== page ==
5 Top Korean Chefs Collaborate On Gala Dinner at JUNGSIK in NYC, Before “World’s 50 Best Restaurants” Announcement
Five of Korea’s best chefs are visiting New York City this week to attend the 2016 “World’s 50 Best Restaurants” announcement taking place Monday, June 13th, and collaborated on a gala dinner last night at Jungsik, the Michelin two-star Korean restaurant in Manhattan helmed by chef Jungsik Yim. We were delighted to be able to attend, and to meet each of these talented and charming chefs, including:
– host chef Jungsik Yim (who, with namesake restaurants in Seoul and NYC, is seen as the leading force behind modern Korean gastronomy),
– Mingles chef Mingoo Kang (whose cuisine at Korea’s #1 ranked restaurant in 2015 is noted for its deft balance of Korean and Western influences),
– Elbon The Table chef Hyun-Seok Choi (whose daring style and TV presence is said to have been credited with enhancing the perception of chefs’ masculinity in Korea),
– 24 Seasons chef Tony Yoo (who is strongly influenced by traditional Korean temple cuisine), and
– A&ND Dining chef Jinmo Jang (who fuses Italian and Korean influences).
You can read more about each of them as well as the Seoul-based gourmet magazine La Main that sponsored last night’s dinner here.
We’d long been looking forward to visiting Jungsik, since it opened a few years back in the Tribeca space formerly occupied by Karen and David Waltuck‘s renowned restaurant Chanterelle. And we’d recently received an email from chef Mark Miller, alerting us both to last night’s dinner (to which he had no idea we’d already accepted an invitation) as well as to the extraordinary dinner he’d enjoyed at chef Mingoo Kang‘s restaurant Mingles in Seoul. Mingles debuted on the 2016 Asia’s “50 Best Restaurants” list at #15, a remarkable accomplishment for so young a restaurant.
While the set menu for the multi-course dinner featured dishes that included crickets, sea urchin, and pork belly, the chefs didn’t miss a beat in accommodating our inquiry about vegetarian versions of the dishes. We were fascinated by every one of them, and loved several of them — appreciating the well-chosen beverage pairings, which ranged from Billecart-Salmon Champagne to Sol Song Ju rice wine to Brooklyn Brewery “Sorachi Ace” beer to Omiberry Berry Sparkling.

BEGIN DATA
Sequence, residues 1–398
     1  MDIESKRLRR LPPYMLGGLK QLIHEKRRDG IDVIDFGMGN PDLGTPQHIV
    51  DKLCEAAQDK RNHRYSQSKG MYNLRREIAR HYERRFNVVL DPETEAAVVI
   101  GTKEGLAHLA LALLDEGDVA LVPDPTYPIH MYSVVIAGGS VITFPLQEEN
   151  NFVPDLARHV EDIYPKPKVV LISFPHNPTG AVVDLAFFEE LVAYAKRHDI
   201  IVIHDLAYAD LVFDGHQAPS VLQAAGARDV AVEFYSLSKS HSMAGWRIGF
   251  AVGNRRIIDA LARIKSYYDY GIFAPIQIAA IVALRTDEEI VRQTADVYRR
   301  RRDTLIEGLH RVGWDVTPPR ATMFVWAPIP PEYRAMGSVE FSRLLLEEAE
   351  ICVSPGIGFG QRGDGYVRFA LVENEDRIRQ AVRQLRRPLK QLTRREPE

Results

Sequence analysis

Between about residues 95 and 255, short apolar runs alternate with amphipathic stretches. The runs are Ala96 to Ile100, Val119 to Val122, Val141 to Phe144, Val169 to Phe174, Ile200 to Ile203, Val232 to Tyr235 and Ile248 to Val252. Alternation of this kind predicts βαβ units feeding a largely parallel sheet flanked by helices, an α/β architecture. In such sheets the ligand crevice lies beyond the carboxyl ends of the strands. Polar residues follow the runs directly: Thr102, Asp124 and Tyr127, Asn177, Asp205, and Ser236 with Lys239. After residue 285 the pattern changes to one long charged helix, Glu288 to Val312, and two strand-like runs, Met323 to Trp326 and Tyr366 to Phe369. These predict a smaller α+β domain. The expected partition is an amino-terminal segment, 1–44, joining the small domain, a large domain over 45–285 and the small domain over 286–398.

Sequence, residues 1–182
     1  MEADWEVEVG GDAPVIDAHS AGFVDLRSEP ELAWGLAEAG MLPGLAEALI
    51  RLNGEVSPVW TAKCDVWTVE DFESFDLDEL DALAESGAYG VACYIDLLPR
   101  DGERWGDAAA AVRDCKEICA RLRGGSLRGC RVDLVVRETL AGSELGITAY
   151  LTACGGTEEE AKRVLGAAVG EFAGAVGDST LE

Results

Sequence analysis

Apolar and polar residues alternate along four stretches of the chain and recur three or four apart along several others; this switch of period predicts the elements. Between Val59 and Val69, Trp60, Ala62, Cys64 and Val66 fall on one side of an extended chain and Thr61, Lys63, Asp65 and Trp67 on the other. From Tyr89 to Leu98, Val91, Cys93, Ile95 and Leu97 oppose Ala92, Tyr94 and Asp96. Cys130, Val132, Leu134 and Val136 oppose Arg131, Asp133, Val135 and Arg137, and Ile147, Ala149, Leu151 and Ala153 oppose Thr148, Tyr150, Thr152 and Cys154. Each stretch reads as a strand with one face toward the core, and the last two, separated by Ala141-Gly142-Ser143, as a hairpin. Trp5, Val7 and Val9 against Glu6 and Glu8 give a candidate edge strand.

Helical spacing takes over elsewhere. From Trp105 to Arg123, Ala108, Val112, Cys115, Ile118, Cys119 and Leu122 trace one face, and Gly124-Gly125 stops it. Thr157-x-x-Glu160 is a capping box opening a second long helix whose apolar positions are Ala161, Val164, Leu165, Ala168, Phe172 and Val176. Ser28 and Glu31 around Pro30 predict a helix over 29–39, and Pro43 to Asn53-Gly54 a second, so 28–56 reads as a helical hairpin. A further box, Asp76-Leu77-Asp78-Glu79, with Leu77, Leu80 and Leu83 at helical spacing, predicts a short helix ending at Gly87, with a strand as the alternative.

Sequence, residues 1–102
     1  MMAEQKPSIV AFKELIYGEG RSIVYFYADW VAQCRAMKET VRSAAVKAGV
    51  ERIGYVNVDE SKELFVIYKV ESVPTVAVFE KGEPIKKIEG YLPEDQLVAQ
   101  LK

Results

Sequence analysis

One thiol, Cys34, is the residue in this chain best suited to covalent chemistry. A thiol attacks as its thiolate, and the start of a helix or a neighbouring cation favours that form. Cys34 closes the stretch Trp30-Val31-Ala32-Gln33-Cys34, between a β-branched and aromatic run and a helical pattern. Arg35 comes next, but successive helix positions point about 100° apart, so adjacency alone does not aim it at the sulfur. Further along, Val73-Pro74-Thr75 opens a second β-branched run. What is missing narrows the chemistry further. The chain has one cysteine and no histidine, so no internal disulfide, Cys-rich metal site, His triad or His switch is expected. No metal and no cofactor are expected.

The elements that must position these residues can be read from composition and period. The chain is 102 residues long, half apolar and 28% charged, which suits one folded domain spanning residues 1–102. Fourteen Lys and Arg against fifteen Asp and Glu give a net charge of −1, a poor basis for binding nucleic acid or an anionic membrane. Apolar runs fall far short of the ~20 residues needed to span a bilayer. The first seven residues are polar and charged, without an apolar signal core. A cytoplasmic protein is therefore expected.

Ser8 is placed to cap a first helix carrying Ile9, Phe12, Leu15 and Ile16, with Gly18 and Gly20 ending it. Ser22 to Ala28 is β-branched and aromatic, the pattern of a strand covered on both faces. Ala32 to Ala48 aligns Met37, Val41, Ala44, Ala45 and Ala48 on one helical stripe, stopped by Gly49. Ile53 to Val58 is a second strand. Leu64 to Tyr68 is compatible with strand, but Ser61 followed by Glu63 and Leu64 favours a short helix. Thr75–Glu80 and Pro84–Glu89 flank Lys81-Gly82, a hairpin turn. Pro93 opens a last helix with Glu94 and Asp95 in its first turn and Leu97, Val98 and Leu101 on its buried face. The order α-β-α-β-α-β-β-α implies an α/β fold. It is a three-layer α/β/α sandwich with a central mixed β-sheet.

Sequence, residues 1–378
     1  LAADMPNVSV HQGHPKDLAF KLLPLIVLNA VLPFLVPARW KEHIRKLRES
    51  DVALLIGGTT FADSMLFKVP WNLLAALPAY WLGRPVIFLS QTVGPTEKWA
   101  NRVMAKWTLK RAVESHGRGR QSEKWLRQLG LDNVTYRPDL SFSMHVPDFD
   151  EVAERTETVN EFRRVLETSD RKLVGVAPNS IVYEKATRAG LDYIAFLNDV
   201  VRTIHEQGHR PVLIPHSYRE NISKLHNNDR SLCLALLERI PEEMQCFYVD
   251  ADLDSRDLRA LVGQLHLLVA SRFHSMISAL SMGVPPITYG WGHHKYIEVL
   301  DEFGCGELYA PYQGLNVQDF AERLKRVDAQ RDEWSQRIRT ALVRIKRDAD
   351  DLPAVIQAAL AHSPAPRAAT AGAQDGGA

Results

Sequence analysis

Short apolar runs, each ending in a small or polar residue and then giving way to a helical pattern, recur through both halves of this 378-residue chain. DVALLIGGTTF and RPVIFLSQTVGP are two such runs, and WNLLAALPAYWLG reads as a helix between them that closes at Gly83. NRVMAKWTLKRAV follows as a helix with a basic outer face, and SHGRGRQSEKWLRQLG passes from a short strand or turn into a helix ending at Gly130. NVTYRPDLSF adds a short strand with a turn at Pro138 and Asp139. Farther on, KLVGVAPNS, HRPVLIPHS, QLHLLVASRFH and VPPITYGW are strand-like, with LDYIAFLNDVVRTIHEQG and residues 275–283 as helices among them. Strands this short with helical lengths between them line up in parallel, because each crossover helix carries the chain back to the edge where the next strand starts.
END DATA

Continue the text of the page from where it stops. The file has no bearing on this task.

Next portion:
The yuja dessert seemed as big a hit with everyone else as it was with us: This gorgeously realistic-looking citrus fruit — known as yuzu in other parts of Asia — had a white chocolate shell that could be cracked to reveal its refreshingly tart and creamy insides, as delicious as the outside was beautiful.
It was fun running into New York chefs David Burke and Michael Anthony (accompanied by his lovely wife Mindy Dubin), and Chicago TV host Steve Dolinsky (who may have won more James Beard Awards than anyone else in history) and meeting two of Karen’s fellow Northwestern alumni: Jungsik sommelier Haksoo Kim, and Korea JoongAng Daily reporter Summer Lee. And we were surprised when the chef of the top-ranked restaurant in Korea Mingles, Mingoo Kang, told us that he’d bought a copy of our book THE FLAVOR BIBLE on a prior trip to the United States right after it was published — and that it was trashed from being put to so much use. (Never fear: We ended up gifting him with a copy of THE VEGETARIAN FLAVOR BIBLE.)
The 2016 list of The World’s “50 Best Restaurants” will be announced on Monday, June 13th, and will be live streamed starting at 8 pm ET here. Whether or not the five chefs we had the pleasure of meeting last night hear their restaurants among those whose names are announced then, they should all be rightly proud of the excellent job they did showcasing modern Korean gastronomy that is leagues beyond the kimchi and bulgogi that is many Americans’ first exposure to Korean flavors. They’ve definitely whet our appetites to experience and learn more.
Courtesy of La Main, Korea’s gastronomy magazine:
- The chefs’ dishes not only stay true to traditional elements, such as jang culture, but also incorporate a modern, sophisticated touch…[reflecting] the variety and uniqueness of Korean food to the world.
- According to an official report by the OECD last year, Korea sees the greatest vegetable consumption per capita of any country in the world.
- Korean cuisine sees an abundance of ways to utilize vegetable fermentation, and thus Koreans enjoy vegetables with a variety of more complex and dynamic tastes than simply eating them cooked or raw.
- The main types of vegetable fermentation in Korea can be divided into three categories:
1) takju (unrefined Korean wine fermented by rice, reflected in 20% of last night’s dishes),
2) soy fermented sauces including ganjang, doenjang and cheonggukjang (reflected in 60% of last night’s dishes); and lastly
3) fermented vegetables such as kimchi and jangaji (reflected in 20% of last night’s dishes).
The World’s “50 Best Restaurants” list is at theworlds50best.com.
Mingles restaurant is located in Seoul, Korea, and at restaurant-mingles.com.
Elbon The Table is located in Seoul, Korea, and at elbonthetable.com.
24 Seasons restaurant is located in Seoul, Korea, and at cheftonyyoo.com.
La Main is the Korean gastronomy magazine located at lamain.kr.